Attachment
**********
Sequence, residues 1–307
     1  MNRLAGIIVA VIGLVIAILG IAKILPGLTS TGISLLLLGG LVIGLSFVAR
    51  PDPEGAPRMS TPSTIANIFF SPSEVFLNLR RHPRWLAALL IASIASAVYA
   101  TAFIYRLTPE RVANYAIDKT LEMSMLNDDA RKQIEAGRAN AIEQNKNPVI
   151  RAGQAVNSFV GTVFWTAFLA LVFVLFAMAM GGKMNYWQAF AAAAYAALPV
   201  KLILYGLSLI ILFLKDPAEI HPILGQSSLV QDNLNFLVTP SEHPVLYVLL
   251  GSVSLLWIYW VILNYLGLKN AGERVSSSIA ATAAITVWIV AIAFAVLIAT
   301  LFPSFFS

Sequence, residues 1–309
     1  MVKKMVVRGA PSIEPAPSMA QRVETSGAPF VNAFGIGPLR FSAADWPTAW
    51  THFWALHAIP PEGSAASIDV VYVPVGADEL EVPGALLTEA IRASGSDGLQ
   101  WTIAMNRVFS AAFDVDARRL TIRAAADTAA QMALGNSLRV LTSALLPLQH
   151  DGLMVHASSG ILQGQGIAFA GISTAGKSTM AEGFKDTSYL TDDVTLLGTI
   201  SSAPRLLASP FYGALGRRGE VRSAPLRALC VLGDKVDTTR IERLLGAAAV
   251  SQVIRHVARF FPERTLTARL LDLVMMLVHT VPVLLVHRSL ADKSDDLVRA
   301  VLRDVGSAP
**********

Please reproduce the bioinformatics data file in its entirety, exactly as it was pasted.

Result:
Sequence, residues 1–307
     1  MNRLAGIIVA VIGLVIAILG IAKILPGLTS TGISLLLLGG LVIGLSFVAR
    51  PDPEGAPRMS TPSTIANIFF SPSEVFLNLR RHPRWLAALL IASIASAVYA
   101  TAFIYRLTPE RVANYAIDKT LEMSMLNDDA RKQIEAGRAN AIEQNKNPVI
   151  RAGQAVNSFV GTVFWTAFLA LVFVLFAMAM GGKMNYWQAF AAAAYAALPV
   201  KLILYGLSLI ILFLKDPAEI HPILGQSSLV QDNLNFLVTP SEHPVLYVLL
   251  GSVSLLWIYW VILNYLGLKN AGERVSSSIA ATAAITVWIV AIAFAVLIAT
   301  LFPSFFS

Sequence, residues 1–309
     1  MVKKMVVRGA PSIEPAPSMA QRVETSGAPF VNAFGIGPLR FSAADWPTAW
    51  THFWALHAIP PEGSAASIDV VYVPVGADEL EVPGALLTEA IRASGSDGLQ
   101  WTIAMNRVFS AAFDVDARRL TIRAAADTAA QMALGNSLRV LTSALLPLQH
   151  DGLMVHASSG ILQGQGIAFA GISTAGKSTM AEGFKDTSYL TDDVTLLGTI
   201  SSAPRLLASP FYGALGRRGE VRSAPLRALC VLGDKVDTTR IERLLGAAAV
   251  SQVIRHVARF FPERTLTARL LDLVMMLVHT VPVLLVHRSL ADKSDDLVRA
   301  VLRDVGSAP